Daffodils, jonquils, and other types of narcissus are the harbingers of spring, so you may be tempted to bring them indoors to brighten a room. Go ahead and put them in a vase! However, it’s not just an urban legend that daffodils poison other flowers. Take a look at the chemistry involved and learn how to safely use daffodils with other flowers (yes, it’s possible).
Understand Daffodil Poison
Daffodils and their kin are poisonous to people and animals, not just to other plants and cut flowers. All members of the Narcissus family contain the alkaloid poison lycorine. The toxin is concentrated in the plant’s bulb, but it’s also found in the leaves and stems. Ingesting parts of the plant can tremors, convulsions, paralysis, and even death! Picking the flowers can cause a form of dermatitis called “daffodil itch,” resulting from absorption of lycorine and other alkaloids, calcium oxalate, and chelidonic acid. Even smelling daffodils can cause headaches and vomiting in pets and sensitive people.
The toxic properties of daffodils help protect them from being eaten by animals or infected by fungi and molds, but some compounds also affect other plants. Daffodils and jonquils may be planted around a garden to protect it from rodents and deer, but you need to avoid planting too close to roses, cabbage, or rice because chemicals released by Narcissus can stunt the growth of these plants.
Daffodils Poison Cut Flowers
Tulips and roses, in particular, are sensitive to the alkaloids released by daffodils. These flowers really are poisoned by Narcissus species. However, most flowers die an early death due to the mucilage released by cut daffodil stems. The problem has nothing to do with toxicity. The slimy mucilage blocks the uptake of water by the stems of cut flowers, while the sugars and polysaccharides hasten the growth of bacteria, fungi, and mold.
How to Safely Mix Daffodils With Other Flowers
What’s that you say? You’ve seen beautiful bouquets mixing daffodils, narcissus, or jonquils with other flowers. Yes, it’s possible to put these flowers in a bouquet, but there’s a trick to it!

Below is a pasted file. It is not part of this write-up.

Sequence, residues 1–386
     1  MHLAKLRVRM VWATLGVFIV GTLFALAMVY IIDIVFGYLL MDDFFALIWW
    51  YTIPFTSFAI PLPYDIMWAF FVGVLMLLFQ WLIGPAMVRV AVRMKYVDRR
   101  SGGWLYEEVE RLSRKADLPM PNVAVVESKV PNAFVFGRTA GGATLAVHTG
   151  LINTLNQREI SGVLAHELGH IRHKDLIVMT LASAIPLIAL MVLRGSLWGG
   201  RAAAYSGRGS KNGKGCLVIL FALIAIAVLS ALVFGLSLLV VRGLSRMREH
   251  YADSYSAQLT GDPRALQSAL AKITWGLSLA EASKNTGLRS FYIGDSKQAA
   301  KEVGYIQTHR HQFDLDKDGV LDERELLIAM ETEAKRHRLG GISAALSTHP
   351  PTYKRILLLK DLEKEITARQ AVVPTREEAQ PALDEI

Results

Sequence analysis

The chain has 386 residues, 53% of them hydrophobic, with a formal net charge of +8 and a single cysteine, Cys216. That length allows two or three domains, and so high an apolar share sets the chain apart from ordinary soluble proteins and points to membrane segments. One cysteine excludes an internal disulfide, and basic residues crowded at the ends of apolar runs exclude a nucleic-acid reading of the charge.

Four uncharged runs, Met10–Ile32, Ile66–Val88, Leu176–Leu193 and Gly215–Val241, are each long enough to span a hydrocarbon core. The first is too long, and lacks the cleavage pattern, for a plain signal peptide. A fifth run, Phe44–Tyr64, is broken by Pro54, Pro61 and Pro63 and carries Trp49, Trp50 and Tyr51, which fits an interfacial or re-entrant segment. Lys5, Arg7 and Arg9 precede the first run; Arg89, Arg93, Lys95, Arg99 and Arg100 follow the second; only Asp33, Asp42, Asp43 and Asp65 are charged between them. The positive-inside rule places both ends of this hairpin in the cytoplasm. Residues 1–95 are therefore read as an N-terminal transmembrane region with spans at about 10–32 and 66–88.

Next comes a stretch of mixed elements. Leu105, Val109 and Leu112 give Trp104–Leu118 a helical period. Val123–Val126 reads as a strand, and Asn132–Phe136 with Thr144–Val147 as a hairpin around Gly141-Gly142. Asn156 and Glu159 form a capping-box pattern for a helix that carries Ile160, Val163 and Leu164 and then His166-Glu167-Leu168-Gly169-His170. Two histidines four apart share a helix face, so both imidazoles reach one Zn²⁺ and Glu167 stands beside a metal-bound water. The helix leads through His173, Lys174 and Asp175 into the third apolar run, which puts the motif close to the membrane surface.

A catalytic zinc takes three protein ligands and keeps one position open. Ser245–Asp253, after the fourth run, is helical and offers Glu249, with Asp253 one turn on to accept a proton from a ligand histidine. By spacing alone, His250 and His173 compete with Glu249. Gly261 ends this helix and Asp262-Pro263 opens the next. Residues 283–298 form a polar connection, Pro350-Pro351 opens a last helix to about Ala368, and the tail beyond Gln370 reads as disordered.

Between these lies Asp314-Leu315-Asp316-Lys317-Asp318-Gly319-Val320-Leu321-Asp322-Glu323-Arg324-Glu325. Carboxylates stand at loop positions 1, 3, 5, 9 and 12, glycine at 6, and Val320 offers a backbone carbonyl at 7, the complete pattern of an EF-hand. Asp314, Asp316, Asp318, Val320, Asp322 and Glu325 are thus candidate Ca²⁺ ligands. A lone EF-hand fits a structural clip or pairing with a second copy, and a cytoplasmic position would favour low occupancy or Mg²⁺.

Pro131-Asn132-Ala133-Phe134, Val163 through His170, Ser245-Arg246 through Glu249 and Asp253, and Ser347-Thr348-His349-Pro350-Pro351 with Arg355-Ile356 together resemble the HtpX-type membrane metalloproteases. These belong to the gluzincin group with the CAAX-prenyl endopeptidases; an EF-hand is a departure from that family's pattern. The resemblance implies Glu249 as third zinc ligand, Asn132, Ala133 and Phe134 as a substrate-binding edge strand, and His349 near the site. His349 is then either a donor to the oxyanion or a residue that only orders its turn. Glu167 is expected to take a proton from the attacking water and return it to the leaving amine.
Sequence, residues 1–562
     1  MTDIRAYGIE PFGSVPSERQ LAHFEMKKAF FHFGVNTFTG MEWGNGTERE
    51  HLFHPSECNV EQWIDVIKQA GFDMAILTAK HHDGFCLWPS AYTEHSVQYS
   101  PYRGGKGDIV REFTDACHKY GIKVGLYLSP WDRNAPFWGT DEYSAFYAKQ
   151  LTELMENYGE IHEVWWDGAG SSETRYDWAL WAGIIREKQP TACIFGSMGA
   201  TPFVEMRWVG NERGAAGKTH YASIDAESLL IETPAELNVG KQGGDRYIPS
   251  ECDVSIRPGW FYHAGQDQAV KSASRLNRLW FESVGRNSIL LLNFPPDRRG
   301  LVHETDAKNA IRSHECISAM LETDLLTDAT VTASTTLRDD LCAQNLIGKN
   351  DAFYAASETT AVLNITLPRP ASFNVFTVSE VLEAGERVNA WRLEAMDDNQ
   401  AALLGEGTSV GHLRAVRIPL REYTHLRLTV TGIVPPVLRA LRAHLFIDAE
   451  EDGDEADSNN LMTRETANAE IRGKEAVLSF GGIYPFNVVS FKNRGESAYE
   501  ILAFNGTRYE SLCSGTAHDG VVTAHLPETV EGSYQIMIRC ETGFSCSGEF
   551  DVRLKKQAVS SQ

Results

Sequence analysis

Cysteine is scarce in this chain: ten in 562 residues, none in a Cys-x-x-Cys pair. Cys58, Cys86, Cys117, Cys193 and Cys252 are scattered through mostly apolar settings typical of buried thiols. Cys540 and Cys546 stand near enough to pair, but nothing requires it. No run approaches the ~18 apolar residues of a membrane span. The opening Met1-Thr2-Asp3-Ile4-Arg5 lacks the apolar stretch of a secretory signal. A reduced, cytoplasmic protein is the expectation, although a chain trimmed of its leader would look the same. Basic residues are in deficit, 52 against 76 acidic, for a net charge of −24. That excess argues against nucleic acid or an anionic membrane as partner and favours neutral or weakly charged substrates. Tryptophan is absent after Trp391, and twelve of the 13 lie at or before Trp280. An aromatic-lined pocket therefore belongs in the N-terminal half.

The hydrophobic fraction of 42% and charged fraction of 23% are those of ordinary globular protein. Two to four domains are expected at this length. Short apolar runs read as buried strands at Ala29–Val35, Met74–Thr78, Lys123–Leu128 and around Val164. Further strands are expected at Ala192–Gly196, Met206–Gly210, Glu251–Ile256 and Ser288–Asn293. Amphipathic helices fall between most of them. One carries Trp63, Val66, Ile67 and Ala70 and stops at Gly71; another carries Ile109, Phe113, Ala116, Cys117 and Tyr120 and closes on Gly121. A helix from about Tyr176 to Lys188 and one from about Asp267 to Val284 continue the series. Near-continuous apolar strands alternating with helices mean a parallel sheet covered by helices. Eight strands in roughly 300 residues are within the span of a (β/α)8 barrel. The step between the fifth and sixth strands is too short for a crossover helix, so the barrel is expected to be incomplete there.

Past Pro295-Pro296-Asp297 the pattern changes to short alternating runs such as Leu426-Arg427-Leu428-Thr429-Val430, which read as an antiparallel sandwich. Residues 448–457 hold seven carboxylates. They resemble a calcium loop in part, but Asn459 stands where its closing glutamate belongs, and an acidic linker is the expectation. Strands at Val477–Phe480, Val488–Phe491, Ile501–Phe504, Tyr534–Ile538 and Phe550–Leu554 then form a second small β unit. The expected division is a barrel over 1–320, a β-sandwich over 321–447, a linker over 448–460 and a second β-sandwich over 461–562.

First, some bouquets contain flowers that either aren’t affect by Narcissus toxins or even thrive on it. You can safely combine daffodils, jonquils, narcissus, snowdrops, amaryllis, and flowering allium. Irises actually last longer in a vase with daffodils, due to the presence of the alkaloid narciclasine.
If you want to combine daffodils with other flowers, you need to pre-condition them. Cut the daffodils, trim them to the desired length, and soak them in clean water for at least an hour before adding them to a mixed bouquet. Soaking dilutes alkaloids and dissolves excess mucilage. Do not trim the daffodil stems after soaking or you’ll release more mucilage.
Don’t add “flower food” or “flower preservative” to any Narcissus bouquet because (a) the daffodils don’t need it and may even be harmed by it and (b) daffodils release sugars that can nourish the other flowers.
While you shouldn’t add traditional flower food, there are other compounds that may slow wilting. Cobalt chloride (found in some color-change silica gel packets) can help protect roses from having their stems blocked by daffodil compounds. Adding sodium hypochlorite (i.e., dilute chlorine bleach) or 8-hydroxyquinoline (HQC) can slow wilting of most bouquets, whether they contain daffodils or not. So, feel free to add a few drops of bleach to fresh water to protect your flowers.
- Bastida, Jaume; Lavilla, Rodolfo; Viladomat, Francesc (2006). “Chemical and biological aspects of “Narcissus” alkaloids”. In Cordell, G. A. The Alkaloids: Chemistry and Biology Vol. 63 (PDF). Amsterdam: Elsevier Inc. pp. 87–179.
- Martin, S.F. (1987). “3: The Amaryllidaceae Alkaloids”. In Brossi, Arnold. The Alkaloids (vol. 301). Academic Press. pp. 251–356.